Because I could not stop for Death,
He kindly stopped for me;
The carriage held but just ourselves
We slowly drove, he knew no haste,
And I had put away
My labor, and my leisure too,
For his civility.
We passed the school where children played,
Their lessons scarcely done;
We passed the fields of gazing grain,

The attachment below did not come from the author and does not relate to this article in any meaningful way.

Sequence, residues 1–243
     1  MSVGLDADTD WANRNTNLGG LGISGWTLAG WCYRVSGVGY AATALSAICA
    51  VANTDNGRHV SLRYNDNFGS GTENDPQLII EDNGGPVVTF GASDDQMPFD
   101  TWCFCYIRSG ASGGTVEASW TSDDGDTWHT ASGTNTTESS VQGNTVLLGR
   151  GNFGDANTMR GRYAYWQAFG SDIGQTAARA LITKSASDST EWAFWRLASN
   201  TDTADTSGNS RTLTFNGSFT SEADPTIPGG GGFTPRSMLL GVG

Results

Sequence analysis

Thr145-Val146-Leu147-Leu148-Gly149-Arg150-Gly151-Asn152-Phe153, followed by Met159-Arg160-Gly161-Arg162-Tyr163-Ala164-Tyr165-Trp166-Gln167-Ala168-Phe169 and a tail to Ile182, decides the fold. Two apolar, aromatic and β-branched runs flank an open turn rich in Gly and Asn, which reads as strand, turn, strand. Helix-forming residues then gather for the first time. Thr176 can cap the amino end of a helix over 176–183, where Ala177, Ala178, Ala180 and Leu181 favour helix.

We passed the setting sun.
We paused before a house that seemed
A swelling of the ground;
The roof was scarcely visible.
The cornice but a mound.
Since then 'tis centuries; but each
Feels shorter than the day
I first surmised the horses' heads
Were toward eternity.
More verses by Emily Dickinson
- I'M "Wife"&Mdash;I'Ve Finished That
- The Soul Has Bandaged Moments
- Light Is Sufficient To Itself
- The Definition Of Beauty Is
- To Be Alive—is Power